The U.S. small business confidence went down last month, ending a third consecutive rise as expectations for future economic improvement weakened, a leading industry association said Tuesday.
The National Federation of Independent Business (NFIB) said that its Small-Business Optimism Index fell 1.6 points to 95 in June, reflecting small business optimism can't be sustained amid bad future expectations.
"The only two index components that increased in June were labor market indicators: the percent of owners with job openings and the percent planning to create new jobs in the coming months," said NFIB chief economist Bill Dunkelberg in a statement.
Among the rest eight falling index components, the net percentages of business owners' expectations for economy to improve fell the most by 10 points from the previous month.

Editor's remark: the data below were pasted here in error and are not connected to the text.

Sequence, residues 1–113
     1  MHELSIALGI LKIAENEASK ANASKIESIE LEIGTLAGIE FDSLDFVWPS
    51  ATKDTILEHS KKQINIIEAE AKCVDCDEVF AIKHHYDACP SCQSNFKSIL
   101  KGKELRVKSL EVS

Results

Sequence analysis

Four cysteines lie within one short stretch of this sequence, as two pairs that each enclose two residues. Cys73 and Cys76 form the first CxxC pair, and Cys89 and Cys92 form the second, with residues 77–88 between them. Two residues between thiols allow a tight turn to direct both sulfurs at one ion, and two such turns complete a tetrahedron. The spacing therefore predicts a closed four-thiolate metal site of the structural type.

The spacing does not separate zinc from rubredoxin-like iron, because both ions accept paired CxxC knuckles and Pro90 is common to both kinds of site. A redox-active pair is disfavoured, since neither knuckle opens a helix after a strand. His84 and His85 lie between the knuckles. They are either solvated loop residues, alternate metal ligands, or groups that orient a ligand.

"While reports of actual net job creation per firm were positive, consumer and business owner optimism remain low, with both spending growth and sales expectations weak. This means there are more jobs but not much more output," said Dunkelberg. "With election day months away and no sign of change in Washington, economic growth for the rest of the year will continue to be sub- par. The unemployment rate will fall more due to people leaving the labor force than to jobs being created and fewer hands making GDP."
More than 99 percent of all employing organizations in the United States are small businesses, which employ half of the country's labor force.